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Feds Allegedly Profiled Hispanic Day Laborers

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Feds Allegedly Profiled Hispanic Day Laborers


Feds Allegedly Profiled Hispanic Day Laborers

Feds Allegedly Profiled Hispanic Day Laborers

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  • <iframe src="" width="100%" height="290" frameborder="0" scrolling="no" title="NPR embedded audio player">
  • Transcript

Immigrant advocates have released a video they say shows federal agents racially profiling Hispanic day laborers at a convenience store in Maryland. They say 24 Hispanics were arrested while white and African-Americans pass by unquestioned. Three of those targeted have filed claims for damages.


Federal immigration officials are being accused of racial profiling of Latinos. Advocates for day laborers in Maryland said today that they have proof, and they released a video tape. Immigration officials deny the charge and say they've already done their own investigation. NPR's Jennifer Ludden reports.

JENNIFER LUDDEN: The group CASA of Maryland released the security tapes of a 7-Eleven store in Baltimore from January 23, 2007. Early that morning, agents with Immigration and Customs Enforcement, or ICE, had staged raids on a series of homes of illegal immigrants who had already been ordered deported. They'd arrested nine people. But as an internal ICE report says, that was lower than had been anticipated.

So at mid-morning, the report says agents were, quote, "ordered back out into the field to make more arrests." Justin Cox, an attorney with CASA of Maryland, says the videotape shows that first, just one unmarked vehicle pulled into the parking lot of the convenience store, which was an informal day labor site.

Mr. JUSTIN COX (Lawyer, CASA of Maryland): This first ICE vehicle pulled up right next to the men who were waiting on the corner. And they had their windows rolled down and they began saying that they were looking for about 10 guys to do some sheet rock and drywall work.

LUDDEN: Soon, the video shows two more ICE vehicles arrive and agents begin rounding up the day laborers, all Latino men, and order them to sit on the curb. In all, 24 were arrested. Attorney Cox says in sworn affidavits, ICE agents said they were simply targeting day laborers, not any particular ethnicity.

Mr. COX: The problem with that is on the video, you can actually see an African-American day laborer approach the first vehicle of ICE agents. And then once they start rounding everyone up, he's still hanging out on the corner. They don't bother him at all.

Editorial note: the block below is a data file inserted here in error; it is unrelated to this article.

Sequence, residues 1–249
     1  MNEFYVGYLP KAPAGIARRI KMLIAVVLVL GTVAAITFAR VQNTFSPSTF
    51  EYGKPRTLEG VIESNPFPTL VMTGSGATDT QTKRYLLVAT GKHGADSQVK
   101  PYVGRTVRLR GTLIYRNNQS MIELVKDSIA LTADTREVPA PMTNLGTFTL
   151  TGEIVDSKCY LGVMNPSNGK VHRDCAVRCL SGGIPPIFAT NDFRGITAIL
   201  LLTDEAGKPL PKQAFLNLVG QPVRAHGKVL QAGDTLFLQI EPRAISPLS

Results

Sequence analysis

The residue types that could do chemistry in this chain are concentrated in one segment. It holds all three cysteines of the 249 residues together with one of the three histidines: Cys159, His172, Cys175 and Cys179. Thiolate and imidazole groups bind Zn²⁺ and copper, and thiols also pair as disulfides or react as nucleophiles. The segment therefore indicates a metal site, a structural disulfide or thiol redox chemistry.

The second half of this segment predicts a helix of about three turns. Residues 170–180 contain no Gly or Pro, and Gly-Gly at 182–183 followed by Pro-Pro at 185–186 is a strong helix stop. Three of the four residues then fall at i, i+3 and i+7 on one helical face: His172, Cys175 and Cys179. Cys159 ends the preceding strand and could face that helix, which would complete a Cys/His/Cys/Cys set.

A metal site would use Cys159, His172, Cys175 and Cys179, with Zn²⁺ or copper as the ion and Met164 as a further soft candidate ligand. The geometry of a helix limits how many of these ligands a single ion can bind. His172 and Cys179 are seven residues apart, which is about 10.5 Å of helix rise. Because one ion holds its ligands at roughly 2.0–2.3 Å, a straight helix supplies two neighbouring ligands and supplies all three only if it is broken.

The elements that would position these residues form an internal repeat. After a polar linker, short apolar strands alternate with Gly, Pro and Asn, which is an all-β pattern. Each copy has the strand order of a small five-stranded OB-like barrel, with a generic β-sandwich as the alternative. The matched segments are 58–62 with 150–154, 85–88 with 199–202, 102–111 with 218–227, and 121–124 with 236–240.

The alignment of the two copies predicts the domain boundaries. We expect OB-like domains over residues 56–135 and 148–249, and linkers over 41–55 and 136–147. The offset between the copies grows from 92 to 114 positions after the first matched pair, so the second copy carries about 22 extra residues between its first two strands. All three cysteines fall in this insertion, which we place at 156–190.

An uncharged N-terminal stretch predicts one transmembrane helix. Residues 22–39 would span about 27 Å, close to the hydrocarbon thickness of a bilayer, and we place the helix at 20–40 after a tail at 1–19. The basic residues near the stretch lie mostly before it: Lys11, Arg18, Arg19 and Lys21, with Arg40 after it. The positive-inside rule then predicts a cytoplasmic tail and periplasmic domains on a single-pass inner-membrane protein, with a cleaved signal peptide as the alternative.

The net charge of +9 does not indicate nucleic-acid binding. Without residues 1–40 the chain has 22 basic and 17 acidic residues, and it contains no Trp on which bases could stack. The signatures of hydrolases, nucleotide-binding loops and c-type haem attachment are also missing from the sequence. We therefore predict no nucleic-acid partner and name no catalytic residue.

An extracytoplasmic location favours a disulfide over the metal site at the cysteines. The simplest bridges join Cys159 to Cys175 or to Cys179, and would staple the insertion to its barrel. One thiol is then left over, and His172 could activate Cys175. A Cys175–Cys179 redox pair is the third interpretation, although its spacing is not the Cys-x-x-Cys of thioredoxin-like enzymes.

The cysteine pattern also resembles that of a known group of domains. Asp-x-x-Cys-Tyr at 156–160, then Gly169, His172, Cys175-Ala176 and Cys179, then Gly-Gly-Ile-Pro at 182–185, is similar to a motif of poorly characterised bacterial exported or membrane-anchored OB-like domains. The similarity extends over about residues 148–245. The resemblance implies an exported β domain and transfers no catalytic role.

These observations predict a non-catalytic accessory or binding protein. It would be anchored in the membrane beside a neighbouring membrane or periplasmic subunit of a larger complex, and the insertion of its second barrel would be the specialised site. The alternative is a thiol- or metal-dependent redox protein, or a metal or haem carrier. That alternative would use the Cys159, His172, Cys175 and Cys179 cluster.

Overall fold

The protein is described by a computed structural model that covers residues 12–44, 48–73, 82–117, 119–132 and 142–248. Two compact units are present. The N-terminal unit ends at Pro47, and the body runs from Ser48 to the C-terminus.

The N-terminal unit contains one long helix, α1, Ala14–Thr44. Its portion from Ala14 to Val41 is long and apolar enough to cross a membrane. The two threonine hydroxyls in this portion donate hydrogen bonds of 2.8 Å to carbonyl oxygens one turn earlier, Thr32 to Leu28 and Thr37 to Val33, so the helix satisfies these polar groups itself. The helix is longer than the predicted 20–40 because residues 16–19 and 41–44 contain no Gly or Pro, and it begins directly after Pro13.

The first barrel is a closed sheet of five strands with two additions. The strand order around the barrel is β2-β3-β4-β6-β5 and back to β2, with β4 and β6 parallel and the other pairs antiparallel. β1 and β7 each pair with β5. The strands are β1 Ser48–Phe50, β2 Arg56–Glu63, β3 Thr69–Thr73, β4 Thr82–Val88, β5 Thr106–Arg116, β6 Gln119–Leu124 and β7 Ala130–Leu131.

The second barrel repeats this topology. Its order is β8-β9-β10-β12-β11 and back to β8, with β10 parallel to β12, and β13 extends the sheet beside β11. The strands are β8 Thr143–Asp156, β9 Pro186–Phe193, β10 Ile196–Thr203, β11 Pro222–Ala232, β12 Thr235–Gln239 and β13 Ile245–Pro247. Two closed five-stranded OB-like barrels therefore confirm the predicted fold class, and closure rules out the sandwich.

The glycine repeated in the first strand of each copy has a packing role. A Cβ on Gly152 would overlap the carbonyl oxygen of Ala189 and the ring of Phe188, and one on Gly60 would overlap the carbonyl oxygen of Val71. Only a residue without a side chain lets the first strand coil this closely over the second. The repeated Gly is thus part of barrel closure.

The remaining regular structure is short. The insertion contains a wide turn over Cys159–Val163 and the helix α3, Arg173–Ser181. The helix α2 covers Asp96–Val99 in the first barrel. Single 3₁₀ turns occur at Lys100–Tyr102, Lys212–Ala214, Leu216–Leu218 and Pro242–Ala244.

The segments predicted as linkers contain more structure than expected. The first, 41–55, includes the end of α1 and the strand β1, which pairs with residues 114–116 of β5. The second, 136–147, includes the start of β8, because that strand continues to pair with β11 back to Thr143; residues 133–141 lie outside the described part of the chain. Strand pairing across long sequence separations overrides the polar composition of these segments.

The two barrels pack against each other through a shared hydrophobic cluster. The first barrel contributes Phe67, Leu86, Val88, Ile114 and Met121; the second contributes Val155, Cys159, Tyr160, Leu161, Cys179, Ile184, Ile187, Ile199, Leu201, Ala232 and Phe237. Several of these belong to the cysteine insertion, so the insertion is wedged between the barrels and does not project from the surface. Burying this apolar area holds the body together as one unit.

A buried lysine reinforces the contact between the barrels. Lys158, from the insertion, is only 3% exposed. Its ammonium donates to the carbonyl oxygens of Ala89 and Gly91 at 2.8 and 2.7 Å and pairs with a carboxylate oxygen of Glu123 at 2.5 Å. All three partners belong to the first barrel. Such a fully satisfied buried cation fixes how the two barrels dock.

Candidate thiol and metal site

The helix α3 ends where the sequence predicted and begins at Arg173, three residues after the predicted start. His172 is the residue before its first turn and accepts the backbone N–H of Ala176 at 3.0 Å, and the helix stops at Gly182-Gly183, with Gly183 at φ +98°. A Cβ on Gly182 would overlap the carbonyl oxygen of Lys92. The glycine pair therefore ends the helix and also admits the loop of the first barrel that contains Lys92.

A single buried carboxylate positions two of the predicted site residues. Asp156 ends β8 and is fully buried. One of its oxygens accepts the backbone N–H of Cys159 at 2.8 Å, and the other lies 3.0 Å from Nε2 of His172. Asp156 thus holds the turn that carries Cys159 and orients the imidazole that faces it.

LUDDEN: Even when the black man approaches another car for work, Cox says he is ignored, just as he says other black and white store customers are ignored. Yet, Cox says agents entered the store to arrest three Latino men inside. It's not clear on the video, but he says agents also crossed the street to arrest several Latino men at a bus stop and ordered two Latino men out of a car to be questioned.

Mr. COX: These men had done nothing. They were simply sitting in a private vehicle in this parking lot and they were detained for simply being Latino men in a parking lot.

Ms. KELLY NANTEL (Spokeswoman, Immigration and Customs Enforcement): I couldn't speak to the specific allegations.

LUDDEN: Kelly Nantel is a spokeswoman with Immigration and Customs Enforcement.

Ms. NANTEL: I can tell you that there was a very lengthy investigation into those allegations. And based on the testimony that the investigators had, they determined that those allegations were not substantiated.

LUDDEN: Much of ICE's report made public so far has been redacted. But Nantel says that before the arrests, some of the day laborers in the parking lot actually admitted to ICE agents that they were in the country illegally while others had no documentation to prove legal status.

Ms. NANTEL: That's part of what our agents and officers are trying to do, is to determine alienage. And so they utilize their training and their experience to make those decisions.

LUDDEN: This is hardly the first such allegation of racial profiling. Numerous other suits have been directed at local law enforcement agencies who've been deputized to carry out immigration enforcement. Lucas Guttentag of the ACLU says such cases can be difficult to prove, but he's not satisfied with internal agency reports.

Mr. LUCAS GUTTENTAG (National Director, Immigrants' Rights Project, American Civil Liberties Union): These are serious charges that need to be pursued by the Department of Justice not only in individual cases, but more broadly in terms of the policies and practices and incentives that were put in place by the Bush administration.

LUDDEN: Three of those detained at the Baltimore convenience store have filed wrongful arrest claims asking for damages. CASA of Maryland is also asking for the immigration agency to make public all of its report on the incident. Jennifer Ludden, NPR News, Washington.

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